Every practitioner of the dark arts needs ritual candles. When I saw these bleeding candles online I thought they were so cool. But, I didn’t think they were $15 – $30 cool. Also, they only came in white and I thought they’d look much better in black. I knew this would be an easy project that would let me upcycle thrift store candles for much less.
- Black candles, as many as you want to make (optional use white or other colored candles if you prefer)
- Red candle, the darker red the better, the dripped wax will be lighter than the source candle, so keep that in mind when selecting your red candle (or get several red candles and experiment).
- A lighter
- Scissors or box cutter (optional)
- Waxed paper or newspaper
- Candle holders (optional – but you’ll eventually need them), or a box or something you can poke a hole in to hold the candles while you work.
I bought my candles at thrift stores, because I didn’t care if they were dinged up, I think it adds to the aged character I was aiming for. Also, they are super inexpensive and I was able to get a whole bunch of candles for less than $5.00.
Prepare your work surface. This is the the step I always forget because I’m excited to just dive right into the project. I highly recommend at least putting down some newspaper or other covering because the red dye in the candle wax can stain some surfaces.
If you are using candle holders that you don’t want to have wax dripped on, cover them with a paper towel, wax paper or newspaper before you put the candle in. You can also just cut a small cross into a box to insert the candle into while working. If you’re using a temporary holder but want to keep the puddled wax at the bottom when you transfer the candle to the final holder, line the temporary holder with waxed paper.
Trim your Candles. The next step is to determine how tall you want your candles. I wanted the candles to look like a practitioner of the dark arts has used them in many a ceremony. They were too tall and sprightly to have seen so much sorrow, so I cut them off shorter (also, I was too impatient to wait for them to burn down). You can trim them at the bottom if you like, but if you go that route, make sure you trim at at spot before the candle tapers, so it’s not loose in your holder.
With tapers, it is better to trim from the top, for a more authentic look and so they don’t wobble in the holder. Using old craft scissors, a box cutter, or the strength of your bare hands, cut into (or break) the wax using care not to cut all the way through the wick. After the wax crumbles away from the wick, pull it up to expose the wick and cut it approximately 1/4 to 1/2 an inch above the top the shortened candle (you can always trim it later). I didn’t worry about making the cuts even, or the same height, since I was going for an aged look.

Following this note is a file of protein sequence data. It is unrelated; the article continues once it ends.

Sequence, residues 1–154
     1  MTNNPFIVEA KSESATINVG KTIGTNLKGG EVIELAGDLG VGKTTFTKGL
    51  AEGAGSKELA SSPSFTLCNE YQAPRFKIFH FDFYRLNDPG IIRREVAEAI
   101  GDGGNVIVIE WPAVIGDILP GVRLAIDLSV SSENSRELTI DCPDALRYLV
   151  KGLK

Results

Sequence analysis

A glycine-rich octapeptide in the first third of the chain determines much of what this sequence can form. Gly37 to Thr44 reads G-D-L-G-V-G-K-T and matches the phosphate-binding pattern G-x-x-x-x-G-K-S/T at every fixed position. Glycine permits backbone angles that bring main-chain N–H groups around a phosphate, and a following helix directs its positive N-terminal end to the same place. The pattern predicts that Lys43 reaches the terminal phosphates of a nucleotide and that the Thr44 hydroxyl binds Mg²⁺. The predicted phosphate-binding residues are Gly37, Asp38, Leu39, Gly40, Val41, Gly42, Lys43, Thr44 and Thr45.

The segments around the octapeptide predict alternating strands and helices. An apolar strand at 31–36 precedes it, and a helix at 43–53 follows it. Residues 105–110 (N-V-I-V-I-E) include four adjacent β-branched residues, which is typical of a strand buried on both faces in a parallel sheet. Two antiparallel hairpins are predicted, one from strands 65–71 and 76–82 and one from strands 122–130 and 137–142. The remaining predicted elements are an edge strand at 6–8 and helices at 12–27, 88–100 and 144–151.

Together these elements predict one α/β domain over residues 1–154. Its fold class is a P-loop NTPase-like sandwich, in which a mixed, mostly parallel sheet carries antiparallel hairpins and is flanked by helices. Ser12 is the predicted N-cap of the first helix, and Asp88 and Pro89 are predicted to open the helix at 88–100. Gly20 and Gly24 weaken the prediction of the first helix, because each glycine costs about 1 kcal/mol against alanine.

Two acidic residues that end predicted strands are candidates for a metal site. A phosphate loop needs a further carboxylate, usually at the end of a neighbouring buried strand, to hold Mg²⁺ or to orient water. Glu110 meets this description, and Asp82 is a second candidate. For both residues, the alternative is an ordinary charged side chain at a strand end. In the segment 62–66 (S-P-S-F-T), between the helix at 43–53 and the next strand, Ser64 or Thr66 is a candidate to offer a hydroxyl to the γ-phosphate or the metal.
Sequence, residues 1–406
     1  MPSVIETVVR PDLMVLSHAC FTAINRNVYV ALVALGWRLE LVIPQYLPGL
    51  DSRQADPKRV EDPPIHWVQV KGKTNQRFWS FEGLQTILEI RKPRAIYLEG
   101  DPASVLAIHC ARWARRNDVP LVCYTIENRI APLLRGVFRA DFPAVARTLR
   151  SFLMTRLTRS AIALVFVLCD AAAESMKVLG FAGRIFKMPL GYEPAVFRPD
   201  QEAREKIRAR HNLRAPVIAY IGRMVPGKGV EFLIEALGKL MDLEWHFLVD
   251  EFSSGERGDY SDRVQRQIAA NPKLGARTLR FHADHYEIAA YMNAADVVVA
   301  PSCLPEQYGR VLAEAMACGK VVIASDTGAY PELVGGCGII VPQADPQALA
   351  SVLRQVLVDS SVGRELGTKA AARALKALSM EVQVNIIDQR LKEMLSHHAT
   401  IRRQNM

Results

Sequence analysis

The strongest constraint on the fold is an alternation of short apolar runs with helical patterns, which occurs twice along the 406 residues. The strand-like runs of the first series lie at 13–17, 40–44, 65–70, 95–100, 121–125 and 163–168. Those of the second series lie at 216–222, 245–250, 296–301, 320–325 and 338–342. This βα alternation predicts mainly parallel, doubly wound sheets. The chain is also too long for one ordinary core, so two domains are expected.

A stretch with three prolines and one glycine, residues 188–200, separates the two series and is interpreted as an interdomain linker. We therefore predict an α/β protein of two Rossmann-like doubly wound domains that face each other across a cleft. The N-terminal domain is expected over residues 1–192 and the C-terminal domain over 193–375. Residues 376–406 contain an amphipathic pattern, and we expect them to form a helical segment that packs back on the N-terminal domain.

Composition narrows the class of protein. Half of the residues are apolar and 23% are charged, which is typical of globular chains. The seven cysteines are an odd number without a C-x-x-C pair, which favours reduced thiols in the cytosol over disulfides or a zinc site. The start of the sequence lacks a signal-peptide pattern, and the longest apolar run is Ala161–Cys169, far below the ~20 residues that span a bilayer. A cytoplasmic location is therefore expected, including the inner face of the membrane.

Burn down the top. The idea is to make it look like the candles bled while burning. With this is in mind, whether you’re starting with a fresh pristine candle, or one you’ve trimmed, you will want to burn down the new top, or broken edges, before you start dripping the red wax on. Light the candle and let it burn until the top is melted enough to look used. Once you get it to where you want it, blow out the candle.
The fun part! This is the best part – just don’t forget in all of your excitement to use caution while handling the lit candles. Fire and hot wax burn people and things. We only want the illusion of bleeding; real bleeding and sacrifice are not required.
Light the red candle, holding it upright a few seconds to get a good melt started. Start dripping the red wax on the top of the black candle. How long you do this, and how much you build up, is a matter of personal preference. I think I might have overdone it just a little on a couple of mine because it was simply too much fun! Build it up until it looks right to you, dripping it down different areas. Drips will tend to gather on top of each other and build up, so play with it until you get the look you want.
Once you like how it looks, light the black candle and extinguish the red one. Let the black candle burn a minute or so to burn off any wax that dripped onto the wick and to develop the proper texture on top for a candle that’s seen many a ritual.
There’s a lot of wax build-up on top, but just look at all of the beautiful dripping “blood”. A quick final burn will give it an authentic aged look.
Put these candles in a candle holder and place them on your mantel, your buffet, your table, your alter, wherever you perform your sacrifices. I don’t light them, because they will not “bleed” as they burn, but I think they give an appropriately spooky feel to my Halloween Mansion. Happy Haunting!
These go beautifully in a formerly tacky plastic sconce that I painted black for Halloween. This large pillar complements my “alter” well. This candle lights the way for my dark angels.